Albinism

Albinism is a term used to describe people and animals that have little or no pigment in their eyes, skin, or hair. People with this condition have inherited genes that do not produce normal amounts of a pigment called melanin. It is equally common to all races and consists of two major classes. The first, Oculocutaneous albinism includes eyes, skin, and hair. Ocular, the second, involves mainly the eye.

The oculocutaneous variety can be divided into 10 different types, the most common being “ty-negative” and “ty-positive.” Ty-negative leaves the person with no melanin pigmentation, hampers vision to a much more severe degree then ty-positive, and is caused by a genetic defect in the enzyme called tyrosinase. People with ty-positive will have very slight pigmentation and fewer vision problems.

Ocular albinism may give the bearer slightly light hair and skin color, compared with the rest of their family, as well as the more obvious affects to their eye. The pigment loss may allow for involuntary back-and-forth movement of the eyes, crossed eyes, and sensitivity to bright light. Nerves going from the brain to the eye are not routed properly and have more never fibers crossing to the opposite side of the brain than normal.

Both types of albinism are passed from parent to child and almost always require that both parents carry an albinism gene. This is referred to as autosomal recessive inheritance and the parents may have normal pigmentation, yet carry the gene and have a baby with albinism. A new test can now identify carriers of the gene for ty-negative and any other types where the tyrosinase enzyme doesn’t function. A blood sample is used to determine if the gene is present by reading the DNA.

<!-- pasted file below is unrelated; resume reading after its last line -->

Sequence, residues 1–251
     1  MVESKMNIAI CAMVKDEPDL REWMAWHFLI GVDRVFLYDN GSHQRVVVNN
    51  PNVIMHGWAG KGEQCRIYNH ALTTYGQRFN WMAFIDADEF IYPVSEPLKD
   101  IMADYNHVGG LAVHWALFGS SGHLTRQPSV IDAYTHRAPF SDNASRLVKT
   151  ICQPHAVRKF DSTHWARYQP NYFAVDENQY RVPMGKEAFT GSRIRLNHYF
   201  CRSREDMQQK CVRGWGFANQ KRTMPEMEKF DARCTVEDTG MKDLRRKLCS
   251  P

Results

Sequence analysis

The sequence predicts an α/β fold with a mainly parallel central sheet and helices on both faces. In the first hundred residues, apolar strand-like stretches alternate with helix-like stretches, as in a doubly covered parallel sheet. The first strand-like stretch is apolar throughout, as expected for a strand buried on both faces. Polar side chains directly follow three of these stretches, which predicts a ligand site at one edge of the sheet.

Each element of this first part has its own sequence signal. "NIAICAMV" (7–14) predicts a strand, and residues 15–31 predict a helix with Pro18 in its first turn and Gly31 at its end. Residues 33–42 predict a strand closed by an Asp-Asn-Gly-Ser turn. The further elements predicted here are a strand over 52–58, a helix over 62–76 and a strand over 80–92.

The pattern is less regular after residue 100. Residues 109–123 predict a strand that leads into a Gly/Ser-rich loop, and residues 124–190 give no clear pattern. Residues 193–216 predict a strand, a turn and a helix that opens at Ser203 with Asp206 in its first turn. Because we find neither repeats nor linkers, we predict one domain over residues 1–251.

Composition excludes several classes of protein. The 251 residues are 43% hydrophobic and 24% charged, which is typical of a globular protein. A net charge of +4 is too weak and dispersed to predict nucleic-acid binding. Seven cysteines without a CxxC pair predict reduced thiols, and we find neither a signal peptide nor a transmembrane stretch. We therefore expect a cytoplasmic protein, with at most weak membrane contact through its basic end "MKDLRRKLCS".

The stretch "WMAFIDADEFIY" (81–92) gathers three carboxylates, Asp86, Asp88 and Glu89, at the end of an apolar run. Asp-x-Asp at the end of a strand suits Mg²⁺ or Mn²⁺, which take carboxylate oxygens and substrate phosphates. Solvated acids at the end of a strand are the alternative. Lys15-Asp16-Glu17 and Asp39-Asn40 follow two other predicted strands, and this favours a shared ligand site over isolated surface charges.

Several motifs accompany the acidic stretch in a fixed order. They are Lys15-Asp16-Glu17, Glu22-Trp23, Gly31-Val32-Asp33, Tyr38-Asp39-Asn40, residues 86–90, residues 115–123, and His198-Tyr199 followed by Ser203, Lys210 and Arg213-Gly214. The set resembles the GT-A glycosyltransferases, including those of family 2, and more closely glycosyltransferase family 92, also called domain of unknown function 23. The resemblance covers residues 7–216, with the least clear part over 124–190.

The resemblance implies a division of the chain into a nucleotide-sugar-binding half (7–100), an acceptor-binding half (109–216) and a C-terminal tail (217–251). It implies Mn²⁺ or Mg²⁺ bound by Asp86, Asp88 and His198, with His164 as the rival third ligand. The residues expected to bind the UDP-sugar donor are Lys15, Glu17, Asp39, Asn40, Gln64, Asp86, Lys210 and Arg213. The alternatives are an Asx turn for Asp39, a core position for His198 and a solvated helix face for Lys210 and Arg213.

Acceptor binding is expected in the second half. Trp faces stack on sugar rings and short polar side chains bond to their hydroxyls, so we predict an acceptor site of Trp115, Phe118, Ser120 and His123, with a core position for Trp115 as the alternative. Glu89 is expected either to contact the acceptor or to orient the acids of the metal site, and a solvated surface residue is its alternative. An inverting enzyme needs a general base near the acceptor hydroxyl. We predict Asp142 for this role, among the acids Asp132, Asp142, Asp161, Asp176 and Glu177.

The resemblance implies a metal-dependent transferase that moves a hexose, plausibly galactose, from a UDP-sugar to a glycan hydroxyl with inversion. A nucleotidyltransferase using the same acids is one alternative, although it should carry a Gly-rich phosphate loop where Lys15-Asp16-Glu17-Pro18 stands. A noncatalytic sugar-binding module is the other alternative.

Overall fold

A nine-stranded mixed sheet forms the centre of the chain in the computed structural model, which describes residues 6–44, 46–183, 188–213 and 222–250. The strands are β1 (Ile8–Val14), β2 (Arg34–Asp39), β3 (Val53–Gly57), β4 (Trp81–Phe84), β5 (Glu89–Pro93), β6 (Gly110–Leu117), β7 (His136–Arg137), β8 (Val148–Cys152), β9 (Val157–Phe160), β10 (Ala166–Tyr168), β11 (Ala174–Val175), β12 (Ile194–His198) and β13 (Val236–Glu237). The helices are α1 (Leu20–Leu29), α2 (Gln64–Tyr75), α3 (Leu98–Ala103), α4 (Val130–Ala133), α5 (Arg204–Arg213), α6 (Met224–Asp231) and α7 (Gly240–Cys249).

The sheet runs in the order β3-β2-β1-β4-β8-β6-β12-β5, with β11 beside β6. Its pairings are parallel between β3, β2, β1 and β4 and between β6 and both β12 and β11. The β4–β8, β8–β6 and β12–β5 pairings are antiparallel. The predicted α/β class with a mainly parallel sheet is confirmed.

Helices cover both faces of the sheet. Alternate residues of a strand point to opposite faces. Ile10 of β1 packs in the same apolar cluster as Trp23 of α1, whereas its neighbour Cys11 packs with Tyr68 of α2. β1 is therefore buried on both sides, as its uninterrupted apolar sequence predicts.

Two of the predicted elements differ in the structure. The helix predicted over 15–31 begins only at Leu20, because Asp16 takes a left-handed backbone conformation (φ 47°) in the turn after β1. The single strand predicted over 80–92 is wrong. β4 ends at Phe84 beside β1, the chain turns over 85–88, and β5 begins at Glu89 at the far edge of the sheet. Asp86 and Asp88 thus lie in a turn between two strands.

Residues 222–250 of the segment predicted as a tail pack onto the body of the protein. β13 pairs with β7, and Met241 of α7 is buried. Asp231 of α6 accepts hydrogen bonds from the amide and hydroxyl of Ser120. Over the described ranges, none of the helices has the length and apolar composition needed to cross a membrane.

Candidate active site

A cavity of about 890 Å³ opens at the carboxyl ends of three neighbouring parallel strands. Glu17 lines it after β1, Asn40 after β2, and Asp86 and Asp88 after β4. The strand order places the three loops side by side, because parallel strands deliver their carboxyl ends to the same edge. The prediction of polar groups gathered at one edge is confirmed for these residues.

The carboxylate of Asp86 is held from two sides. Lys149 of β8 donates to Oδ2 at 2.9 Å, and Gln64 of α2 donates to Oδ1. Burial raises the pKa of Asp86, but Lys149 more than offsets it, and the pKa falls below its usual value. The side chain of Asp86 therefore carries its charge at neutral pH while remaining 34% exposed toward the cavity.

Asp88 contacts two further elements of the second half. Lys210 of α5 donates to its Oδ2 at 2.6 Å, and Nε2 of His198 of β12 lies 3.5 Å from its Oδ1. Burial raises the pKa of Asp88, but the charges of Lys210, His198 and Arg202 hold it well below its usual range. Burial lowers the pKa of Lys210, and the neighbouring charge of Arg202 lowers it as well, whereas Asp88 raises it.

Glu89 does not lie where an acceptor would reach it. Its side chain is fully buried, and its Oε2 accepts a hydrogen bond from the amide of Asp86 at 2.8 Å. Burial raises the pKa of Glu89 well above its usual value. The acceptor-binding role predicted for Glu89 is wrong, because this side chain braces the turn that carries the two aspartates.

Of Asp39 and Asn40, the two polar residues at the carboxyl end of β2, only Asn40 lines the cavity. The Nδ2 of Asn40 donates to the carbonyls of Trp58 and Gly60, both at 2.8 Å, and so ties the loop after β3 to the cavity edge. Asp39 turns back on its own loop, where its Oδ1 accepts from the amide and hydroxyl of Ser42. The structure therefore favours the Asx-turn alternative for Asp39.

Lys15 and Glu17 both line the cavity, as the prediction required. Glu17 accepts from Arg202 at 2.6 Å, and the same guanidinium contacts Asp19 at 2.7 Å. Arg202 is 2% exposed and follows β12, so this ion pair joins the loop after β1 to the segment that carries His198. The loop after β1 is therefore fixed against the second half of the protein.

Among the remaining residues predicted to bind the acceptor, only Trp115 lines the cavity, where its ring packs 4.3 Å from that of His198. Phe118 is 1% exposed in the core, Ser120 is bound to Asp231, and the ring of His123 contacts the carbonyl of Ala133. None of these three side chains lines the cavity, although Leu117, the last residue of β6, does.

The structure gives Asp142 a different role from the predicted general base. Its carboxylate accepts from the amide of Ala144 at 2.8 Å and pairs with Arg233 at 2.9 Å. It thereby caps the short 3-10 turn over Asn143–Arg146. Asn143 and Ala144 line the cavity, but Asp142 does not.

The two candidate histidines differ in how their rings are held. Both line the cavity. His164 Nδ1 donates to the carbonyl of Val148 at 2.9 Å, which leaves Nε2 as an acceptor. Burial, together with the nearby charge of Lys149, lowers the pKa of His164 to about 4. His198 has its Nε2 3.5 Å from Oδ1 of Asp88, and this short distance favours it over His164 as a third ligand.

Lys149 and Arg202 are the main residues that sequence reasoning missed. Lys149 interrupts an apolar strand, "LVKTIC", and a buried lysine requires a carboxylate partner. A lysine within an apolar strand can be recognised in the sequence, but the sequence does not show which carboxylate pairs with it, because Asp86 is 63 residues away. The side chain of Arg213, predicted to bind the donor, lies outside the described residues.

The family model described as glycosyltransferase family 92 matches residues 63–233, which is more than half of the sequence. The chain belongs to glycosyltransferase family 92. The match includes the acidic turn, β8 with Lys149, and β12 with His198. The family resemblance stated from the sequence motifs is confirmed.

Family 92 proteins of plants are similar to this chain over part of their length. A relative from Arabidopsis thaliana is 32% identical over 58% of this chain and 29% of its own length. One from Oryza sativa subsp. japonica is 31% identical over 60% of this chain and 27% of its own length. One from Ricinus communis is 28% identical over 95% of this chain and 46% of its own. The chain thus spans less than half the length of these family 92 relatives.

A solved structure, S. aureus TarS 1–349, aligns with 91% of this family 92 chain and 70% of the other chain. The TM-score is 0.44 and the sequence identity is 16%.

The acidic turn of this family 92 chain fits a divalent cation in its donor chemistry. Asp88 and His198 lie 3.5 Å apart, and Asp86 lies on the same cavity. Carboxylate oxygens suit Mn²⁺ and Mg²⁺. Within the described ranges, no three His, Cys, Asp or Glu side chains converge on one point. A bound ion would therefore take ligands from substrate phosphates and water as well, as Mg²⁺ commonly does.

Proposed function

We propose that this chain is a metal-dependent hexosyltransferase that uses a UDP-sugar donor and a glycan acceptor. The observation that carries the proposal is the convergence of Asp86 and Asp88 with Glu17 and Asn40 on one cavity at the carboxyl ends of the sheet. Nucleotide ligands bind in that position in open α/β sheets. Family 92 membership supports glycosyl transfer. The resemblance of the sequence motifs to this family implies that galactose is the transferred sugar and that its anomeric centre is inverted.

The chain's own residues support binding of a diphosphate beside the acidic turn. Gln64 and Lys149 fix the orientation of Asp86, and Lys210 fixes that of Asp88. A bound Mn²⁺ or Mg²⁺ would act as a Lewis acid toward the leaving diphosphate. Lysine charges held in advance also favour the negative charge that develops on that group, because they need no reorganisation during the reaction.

X-linked inheritance differs from autosomal recessive inheritance, because only the mother carries the gene. The albinism gene is passed on the X chromosome from the mother to almost always her son. It can be recognized by ophthalmologist because of subtle eye changes.

Albinism is unselective in race. Caucasians and non-Caucasians share this gene defect equally. One in 17,000 people have some type of albinism. In the autosomal recessive inheritance, if both parents carry the gene-yet neither have albinism, there is a one in four chance that the baby from each pregnancy will be born with albinism.

Treatment of albinism consists primarily of ‘visual rehabilitation.’ Surgery can be used to correct crossed eyes, but does not correct problem with the routing of nerves, so does not give binocular vision. Sensitivity to bright light can be combated with tints or sunglasses. Some specific optical aids, such as bifocals and magnifiers, are also very helpful to this condition. The affects of this disease are not reversible, however because it is a part of their genetic makeup and can only be help with some of these types of aids.

Albinism is a very misunderstood condition and because of this children can have a tough childhood. They are prone to isolation due to the misunderstandings. People question there parenthood, possibly thinking that it is a mixed marriage and outcast them.

They may face criticism and ridicule in the classroom. Other students will not be able to understand why they appear this way and deal with it the best way they know how, laughing, smirking, giggling, etc. Children with albinism may need special emotional support from both their parents and teachers. They should be included in all group activities as well, so they don’t stand out.